SA tourism: This is how we get back on our feet

Johannesburg, 20 Jul 2023
Prof Elmarie Slabbert, director of the research unit Tourism Research in Economics, Environs and Society (TREES) at the North-West University (NWU).
Prof Elmarie Slabbert, director of the research unit Tourism Research in Economics, Environs and Society (TREES) at the North-West University (NWU).

The COVID-19 pandemic has left an indelible scar on the face of South Africa’s tourism sector, and although cosmetic touch-ups have restored some of its previous splendour, some extensive surgery is still required to get it back to rude health.

According to Prof Elmarie Slabbert, director of the research unit Tourism Research in Economics, Environs and Society (TREES) at the North-West University (NWU), the importance of the tourism sector should not be underestimated. This is evident from the COVID-19 pandemic, when the contribution of the sector to the country’s GDP dropped from 8.7% in 2018 to 3.7% in 2020. This effect was compounded by the loss of 1.5 million jobs in the sector at the height of the pandemic. Although a significant recovery has been made, more can still be done. 

One of the biggest obstacles facing South Africa as a tourist destination is its location.

As Prof Slabbert explains: “From an international point of view, South Africa is a long-haul destination, which has a cost implication for international guests. These tourists are also concerned with their safety and the unpredictability of actions such as looting and political unrest. From a domestic point of view, less than 50% of South Africans travel – mainly due to economic circumstances. With this in mind, the tourism sector needs to review their products in terms of accessibility and affordability if we want to grow the domestic market.

"One of the biggest challenges for the tourism sector is its dependence on other departments to function well so that the sector can operate smoothly; for example, Home Affairs dealing with passports and visas. If this department delays processes relating to visas and passports, it discourages people from travelling and enjoying the tourism experiences. I also believe that it is critical for the tourism sector to employ more people who are trained for this sector, as they understand the importance of looking after a tourist in every way possible.”

South Africa’s deteriorating infrastructure, coupled with a high crime rate, is also proving to be counterproductive to the good promotional work being done.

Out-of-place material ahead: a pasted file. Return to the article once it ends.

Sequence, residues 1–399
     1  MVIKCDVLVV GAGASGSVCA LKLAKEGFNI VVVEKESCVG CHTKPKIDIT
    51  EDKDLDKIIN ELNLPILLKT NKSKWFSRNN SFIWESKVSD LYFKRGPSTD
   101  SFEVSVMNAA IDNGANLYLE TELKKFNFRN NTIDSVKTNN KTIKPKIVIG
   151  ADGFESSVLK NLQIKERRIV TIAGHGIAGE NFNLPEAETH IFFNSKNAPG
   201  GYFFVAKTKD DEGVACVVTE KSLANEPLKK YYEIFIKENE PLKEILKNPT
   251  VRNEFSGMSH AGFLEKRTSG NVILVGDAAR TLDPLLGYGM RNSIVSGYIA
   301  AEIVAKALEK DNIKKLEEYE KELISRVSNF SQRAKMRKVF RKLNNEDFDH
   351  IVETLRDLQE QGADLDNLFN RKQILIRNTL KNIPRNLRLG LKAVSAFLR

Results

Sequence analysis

“The promotion of tourism in South Africa is done well, but the external factors such as crime, safety, visas, poor roads, access, etc, are hampering growth. South Africa is on the bucket list of many international tourists, but after COVID-19, they are concerned about these factors and will rather choose a destination where they are less concerned about the effect of unpredictable external factors. However, South Africa has a jewel, namely our natural scenery and attractions, which should be promoted as the major drawcard of this country,” says Prof Slabbert.

She is also of the opinion that research such as that being done by TREES can aid policymakers in uplifting the tourism sector.

“The research done by TREES can inform and guide policy development to build a more sustainable tourism sector. Research should not remain in academic articles and libraries – it should be available to the sector to implement. Currently, the tourism resilience model that we developed for South Africa as a destination through a project for the national Department of Tourism is promoted through workshops in different provinces for implementation. This is an excellent example of how research can inform policy, empower different stakeholders and determine action to move the sector forward. Policymakers should rely on scientific research when crafting policies, and a research unit such as TREES that understands the sector is an ideal partner in that regard.”

Prof Slabbert also believes the best way to change perceptions about South Africa is to first pay heed to domestic issues, as these pay the most long-term dividends.

“The tourism sector in South Africa is highly regarded and once people have explored this country and experienced the quality products and hospitality of South Africans, they want to revisit the country. It is more the perceptions regarding safety, roads, access and poverty that discourage people from visiting. As a country, we should focus on improving these factors, since that will influence the overall perceptions. Added to that, social media platforms should be utilised to boost the image of South Africa. Every South African should do their part to build the sector.”